Kristin knew her husband was unhappy. “He kept saying, ‘Just three more months’ – but he said that for three years.”
Years before, Brent had felt a calling from God to “feed His sheep,” as it says in the Gospel of John, but he didn’t know what that meant. Finally, he heard some clarification.
“God said, ‘You need to stop focusing on product and start focusing on people. You need to help people do what I created them to do.’”
After hearing those words, Brent felt he was finally ready to resign from Hallmark, and an idea was birthed for a ministry involving creativity, discipleship, and helping people discover what they were made to do. But Kristin wasn’t yet sure of that calling.
“[Brent] always hears from God way before I do,” she said.
“That can cause problems,” Brent added. “But I’ve learned to wait [until she hears too].”
“Most of my fears were from a financial perspective,” she said. “I didn’t know how we were going to do this. Brent had been through financial struggles as a child and knew it was hard, but totally possible. This was new territory for me.”
Then they saw pieces fall into place, as Hallmark management arranged for Brent to take a 3-month sabbatical with the promise that his job would be waiting at the end, if he still wanted it. With that safety net in place, Kristin felt more comfortable with the idea, and her confidence grew as she noticed the difference in Brent’s mindset.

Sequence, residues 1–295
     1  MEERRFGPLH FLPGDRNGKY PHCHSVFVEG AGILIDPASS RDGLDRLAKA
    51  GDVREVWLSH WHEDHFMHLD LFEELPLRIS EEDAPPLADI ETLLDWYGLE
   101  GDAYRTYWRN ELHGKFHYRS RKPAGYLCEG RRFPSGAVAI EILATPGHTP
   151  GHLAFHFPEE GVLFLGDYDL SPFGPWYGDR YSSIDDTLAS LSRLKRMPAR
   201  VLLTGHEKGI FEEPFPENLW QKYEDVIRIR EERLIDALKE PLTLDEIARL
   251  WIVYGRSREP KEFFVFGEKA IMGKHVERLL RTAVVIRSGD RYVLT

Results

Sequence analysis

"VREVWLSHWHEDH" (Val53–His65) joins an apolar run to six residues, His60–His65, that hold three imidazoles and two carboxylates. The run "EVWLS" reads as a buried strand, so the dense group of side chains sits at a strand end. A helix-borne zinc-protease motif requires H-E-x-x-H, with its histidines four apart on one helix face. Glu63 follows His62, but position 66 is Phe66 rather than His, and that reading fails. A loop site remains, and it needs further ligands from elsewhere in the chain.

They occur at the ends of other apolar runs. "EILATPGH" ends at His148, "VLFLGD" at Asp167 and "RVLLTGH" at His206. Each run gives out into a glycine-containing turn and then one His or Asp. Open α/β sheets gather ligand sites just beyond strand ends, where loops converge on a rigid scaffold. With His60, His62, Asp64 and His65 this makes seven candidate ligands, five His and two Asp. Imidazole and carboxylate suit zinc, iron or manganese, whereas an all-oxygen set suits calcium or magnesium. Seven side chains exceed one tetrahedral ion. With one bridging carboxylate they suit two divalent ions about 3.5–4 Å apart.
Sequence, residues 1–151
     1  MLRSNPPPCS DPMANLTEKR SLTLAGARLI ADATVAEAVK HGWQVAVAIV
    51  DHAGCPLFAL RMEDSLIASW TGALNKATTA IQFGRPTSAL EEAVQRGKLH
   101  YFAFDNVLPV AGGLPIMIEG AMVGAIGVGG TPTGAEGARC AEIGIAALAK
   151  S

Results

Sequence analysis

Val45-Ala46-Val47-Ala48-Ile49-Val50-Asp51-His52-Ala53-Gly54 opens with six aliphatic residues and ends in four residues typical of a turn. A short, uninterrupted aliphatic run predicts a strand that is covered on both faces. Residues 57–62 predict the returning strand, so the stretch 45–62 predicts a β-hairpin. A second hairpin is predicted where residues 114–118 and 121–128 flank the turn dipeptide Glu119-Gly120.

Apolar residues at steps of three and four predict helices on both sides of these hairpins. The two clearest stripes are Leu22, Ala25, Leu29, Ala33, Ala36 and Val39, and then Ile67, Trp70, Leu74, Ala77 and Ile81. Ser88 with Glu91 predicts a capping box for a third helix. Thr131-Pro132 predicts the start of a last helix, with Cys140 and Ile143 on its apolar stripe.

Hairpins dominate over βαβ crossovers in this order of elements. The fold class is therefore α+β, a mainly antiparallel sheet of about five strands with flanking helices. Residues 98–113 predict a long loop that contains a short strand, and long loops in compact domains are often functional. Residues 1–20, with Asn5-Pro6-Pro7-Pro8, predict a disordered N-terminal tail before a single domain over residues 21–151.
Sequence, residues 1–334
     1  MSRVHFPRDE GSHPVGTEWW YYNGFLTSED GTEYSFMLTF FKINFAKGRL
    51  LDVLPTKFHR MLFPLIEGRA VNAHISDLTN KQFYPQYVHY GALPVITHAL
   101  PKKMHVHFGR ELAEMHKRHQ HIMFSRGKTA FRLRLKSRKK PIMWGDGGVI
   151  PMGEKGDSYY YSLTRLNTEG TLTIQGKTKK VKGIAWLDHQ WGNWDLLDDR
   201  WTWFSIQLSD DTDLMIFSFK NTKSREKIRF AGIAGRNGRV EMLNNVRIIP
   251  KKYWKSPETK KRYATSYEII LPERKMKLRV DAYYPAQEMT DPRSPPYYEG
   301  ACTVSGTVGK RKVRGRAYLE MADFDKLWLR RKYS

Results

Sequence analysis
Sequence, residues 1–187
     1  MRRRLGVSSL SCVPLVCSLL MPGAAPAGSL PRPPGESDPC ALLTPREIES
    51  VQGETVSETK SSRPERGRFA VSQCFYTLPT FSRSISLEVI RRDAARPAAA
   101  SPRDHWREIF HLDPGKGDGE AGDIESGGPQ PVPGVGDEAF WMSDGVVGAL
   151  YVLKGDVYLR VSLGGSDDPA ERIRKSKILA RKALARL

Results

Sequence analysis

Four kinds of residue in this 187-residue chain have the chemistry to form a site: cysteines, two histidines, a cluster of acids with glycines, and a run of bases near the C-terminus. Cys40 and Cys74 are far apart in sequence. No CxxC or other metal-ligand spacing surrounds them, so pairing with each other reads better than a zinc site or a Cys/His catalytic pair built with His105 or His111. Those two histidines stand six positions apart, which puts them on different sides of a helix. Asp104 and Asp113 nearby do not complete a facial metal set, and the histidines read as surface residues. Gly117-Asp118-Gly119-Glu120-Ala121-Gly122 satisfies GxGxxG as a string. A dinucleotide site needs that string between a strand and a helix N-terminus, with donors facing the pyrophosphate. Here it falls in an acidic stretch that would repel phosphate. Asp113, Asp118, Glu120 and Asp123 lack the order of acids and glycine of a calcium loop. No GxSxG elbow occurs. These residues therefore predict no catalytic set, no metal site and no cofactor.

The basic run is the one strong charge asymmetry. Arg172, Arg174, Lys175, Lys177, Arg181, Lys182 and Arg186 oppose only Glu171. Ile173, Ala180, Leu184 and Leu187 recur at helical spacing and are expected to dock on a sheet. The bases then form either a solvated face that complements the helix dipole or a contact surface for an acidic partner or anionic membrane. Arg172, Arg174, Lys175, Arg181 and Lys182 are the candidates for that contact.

“I just saw in him this massive release of a burden—” she began.
“You used to say you got your husband back,” Brent interjected.
“That’s how I felt,” Kristin said, with a nod.
So, for the next three months, they prayed and sought advice. About a third of the people they talked to said, “You’re crazy.” Another third were afraid to say anything. And the final third merely said, “Well, if anyone could do it, you could.” Most counseled Brent and Kristin to do this new ministry only part-time, since that would be safer and more practical.
Brent and Kristin decided part-time might be the best idea. But when they met with two close friends to tell them of their decision, their friends looked at them and didn’t say anything.
“Tell us,” Brent and Kristin urged, realizing their silence indicated something was wrong.
“God didn’t call you to give 60%,” their friends told them. “He called you to give 100%. If you go part-time, you will cut the blessing of set apart. It will still exist, but it will not be what it was supposed to be.”
Their words struck both Brent and Kristin hard, as they realized God was speaking through their friends. Kristin still worried some about the future, thinking of their two kids, their car payments, their house – but she had also paid attention to the way everything had worked out so far.
“I saw things happen that didn’t seem possible, and I knew that God was behind it,” she said. “This is not something I would typically do – ever. But I knew God was saying ‘go.’”
And so, Brent and Kristin took the first step toward a ministry that would be just as set apart as they had discovered themselves to be.
Brent and Kristin’s story will continue next Monday. In the meantime, if you have a question, comment, or encouragement for Brent or Kristin, click here. To see the needs they have listed as prayer requests, click here. To give to set apart, click here.